`Imran has a low chance of forming next Pak govt`

By Kamna Arora | Last Updated: Saturday, January 21, 2012 - 15:27

From a cricket hero to a rising star in Pakistani politics – the journey of Imran Khan has been quite intriguing. The Oxford University graduate turned into a national hero when he returned to Pakistan in 1992 from Melbourne with Cricket World Cup trophy in his hands.

Eyes are on him once again; this time he is expected to sweep the political pitch. Often dismissed as a political non-entity, Imran Khan is now expected to emerge as king or kingmaker in the next polls. The 59-year-ol Khan, chairman of Pakistan Tehreek-e-Insaf party (PTI), is suddenly attracting huge crowds at political rallies. Last year, an online YouGov-Cambridge poll found Khan the most popular political figure in Pakistan.

The ongoing confrontation among the civilian government, the courts and the military is only helping Imran Khan in adding more supporters to his camp.

In an exclusive interview with Kamna Arora of Zeenews.com, Arif Rafiq, an analyst of Pakistan politics, discusses the emergence of Imran Khan in politics and its repercussions.

Arif Rafiq is president of US-based Vizier Consulting, LLC, which provides strategic guidance on Middle East and South Asian political and security issues. He writes at the Pakistan Policy Blog.

Kamna: What chance does Imran Khan hold of forming Pakistan’s next government?

Rafiq: Imran Khan`s Pakistan Tehreek-e Insaf (PTI) has a low chance of forming the next government in Pakistan. At this point, it looks like no single party will get a National Assembly majority and PTI will get the third largest seats. As a result, PTI will likely be wooed by the two largest parties, the Pakistan People’s Party (PPP) and the Pakistan Muslim League - Nawaz (PML-N), to help form a coalition government.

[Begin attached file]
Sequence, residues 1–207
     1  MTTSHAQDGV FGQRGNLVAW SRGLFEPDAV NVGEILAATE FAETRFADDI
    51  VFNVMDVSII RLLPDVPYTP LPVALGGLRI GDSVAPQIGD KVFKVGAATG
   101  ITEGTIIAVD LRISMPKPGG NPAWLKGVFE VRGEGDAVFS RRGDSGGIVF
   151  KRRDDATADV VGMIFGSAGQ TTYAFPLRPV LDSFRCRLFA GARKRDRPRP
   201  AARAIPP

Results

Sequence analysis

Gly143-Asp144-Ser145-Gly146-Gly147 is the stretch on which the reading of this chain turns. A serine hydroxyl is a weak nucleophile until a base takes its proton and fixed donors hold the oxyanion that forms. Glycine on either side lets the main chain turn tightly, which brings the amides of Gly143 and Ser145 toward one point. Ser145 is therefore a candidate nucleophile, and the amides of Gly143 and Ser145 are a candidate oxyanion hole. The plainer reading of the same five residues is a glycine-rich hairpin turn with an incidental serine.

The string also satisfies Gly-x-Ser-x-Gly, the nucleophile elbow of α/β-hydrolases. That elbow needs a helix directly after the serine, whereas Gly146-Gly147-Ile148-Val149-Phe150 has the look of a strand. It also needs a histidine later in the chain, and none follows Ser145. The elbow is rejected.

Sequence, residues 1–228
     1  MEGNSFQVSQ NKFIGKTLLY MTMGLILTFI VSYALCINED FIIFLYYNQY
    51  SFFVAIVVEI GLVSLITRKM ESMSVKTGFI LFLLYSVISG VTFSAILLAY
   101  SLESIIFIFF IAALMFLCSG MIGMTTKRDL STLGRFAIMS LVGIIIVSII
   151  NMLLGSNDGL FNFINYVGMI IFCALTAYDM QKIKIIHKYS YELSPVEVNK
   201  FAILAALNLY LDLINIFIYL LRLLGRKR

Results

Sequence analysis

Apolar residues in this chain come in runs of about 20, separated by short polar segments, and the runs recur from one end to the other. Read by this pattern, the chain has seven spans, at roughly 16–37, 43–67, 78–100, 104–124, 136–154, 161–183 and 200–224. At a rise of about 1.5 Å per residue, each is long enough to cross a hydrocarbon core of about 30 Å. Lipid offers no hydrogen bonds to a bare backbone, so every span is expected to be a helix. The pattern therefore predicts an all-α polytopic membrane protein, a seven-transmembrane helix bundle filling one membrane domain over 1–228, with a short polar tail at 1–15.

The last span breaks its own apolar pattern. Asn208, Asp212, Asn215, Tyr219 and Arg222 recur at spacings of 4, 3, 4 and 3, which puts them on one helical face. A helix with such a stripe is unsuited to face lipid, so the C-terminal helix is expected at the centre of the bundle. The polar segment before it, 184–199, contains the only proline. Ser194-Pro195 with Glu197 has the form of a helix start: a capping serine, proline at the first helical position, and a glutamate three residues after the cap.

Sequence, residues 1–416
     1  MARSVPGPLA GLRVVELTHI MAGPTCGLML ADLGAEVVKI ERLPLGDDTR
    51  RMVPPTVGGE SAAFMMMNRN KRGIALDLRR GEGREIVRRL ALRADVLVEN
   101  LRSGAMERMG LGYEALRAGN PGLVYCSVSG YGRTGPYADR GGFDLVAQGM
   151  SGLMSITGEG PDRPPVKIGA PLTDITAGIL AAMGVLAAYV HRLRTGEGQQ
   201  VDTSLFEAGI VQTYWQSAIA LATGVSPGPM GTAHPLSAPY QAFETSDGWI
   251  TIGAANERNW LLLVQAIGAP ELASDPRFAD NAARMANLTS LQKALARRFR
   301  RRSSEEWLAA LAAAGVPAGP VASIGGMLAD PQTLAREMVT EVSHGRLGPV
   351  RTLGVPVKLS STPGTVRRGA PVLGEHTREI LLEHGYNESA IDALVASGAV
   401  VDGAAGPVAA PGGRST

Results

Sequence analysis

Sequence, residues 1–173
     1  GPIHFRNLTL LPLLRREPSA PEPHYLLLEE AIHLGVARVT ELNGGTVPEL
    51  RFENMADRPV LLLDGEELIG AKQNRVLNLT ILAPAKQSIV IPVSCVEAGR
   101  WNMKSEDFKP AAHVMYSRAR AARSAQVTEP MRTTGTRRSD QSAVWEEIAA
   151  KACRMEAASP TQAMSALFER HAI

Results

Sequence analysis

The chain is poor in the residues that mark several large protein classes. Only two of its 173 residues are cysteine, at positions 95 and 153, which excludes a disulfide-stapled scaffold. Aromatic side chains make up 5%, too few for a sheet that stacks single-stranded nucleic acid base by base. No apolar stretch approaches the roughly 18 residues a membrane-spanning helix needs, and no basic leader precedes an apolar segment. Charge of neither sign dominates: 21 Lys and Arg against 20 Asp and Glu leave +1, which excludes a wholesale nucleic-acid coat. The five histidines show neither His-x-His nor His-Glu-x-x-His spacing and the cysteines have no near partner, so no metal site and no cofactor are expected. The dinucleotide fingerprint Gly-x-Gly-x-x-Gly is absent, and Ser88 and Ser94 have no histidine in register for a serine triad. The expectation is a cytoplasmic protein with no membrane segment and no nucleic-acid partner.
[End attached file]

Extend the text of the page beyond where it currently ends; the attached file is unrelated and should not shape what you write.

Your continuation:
Kamna: Will the current political crisis help Imran gain electoral advantage?

Rafiq: Imran Khan is largely on the sidelines in the midst of the current political crisis. He is busy building his party while the PPP, PML-N, Army, and Supreme Court wage war against one another.

Kamna: Pervez Musharraf has expressed his willingness to join hands with Imran Khan`s party. Is there any possibility of such an alliance? If yes, how will it change the political scenario of Pakistan?

Rafiq: It is very unlikely that PTI will form a coalition with Pervez Musharraf`s All Pakistan Muslim League (APML). Musharraf is a political pariah in Pakistan and his party doesn`t have any strong candidates who can win an election. APML would be a liability to PTI, not an asset.

Kamna: Imran is about to attend an ‘anti-India and anti-US’ rally called by JuD. How do you think India should see this?

Rafiq: A spokesman with PTI denied that Khan would be attending the JuD rally. Khan does not want to antagonise the religious right and he has benefited from some of their support. It is important to note that Khan has said that he will not allow Pakistani soil to be used by militants to attack other countries, including India. I believe he wants to build ties with regional states, but the real question is: if he comes to power, will he have the ability to change foreign policy against the Army`s will? Probably not.

Kamna: Is military backing Imran?

Rafiq: There is no indication that the military is backing Imran right now. On this matter, there is simply speculation. That speculation is based on the military`s history of interfering in politics. But my understanding is that the military is following a wait-and-see approach. It likes what Khan is saying and doing, but they have no role in his present success.

Kamna: Keeping in mind the whole political scene, which leader according to you is the best suited to lead Pakistan?

Rafiq: All of Pakistan`s major politicians bring their own share of strengths and weaknesses to the table. Pakistan would be best served if its collective leadership came to agreement on the rules of the game and a constructive way forward to a progressive, peaceful, and prosperous country. Like India, Pakistan is in an era of coalition governments. So the challenge is how to push through change in a political environment that requires compromise. Pakistan`s next prime minister will need those skills.



First Published: Monday, January 23, 2012 - 22:23

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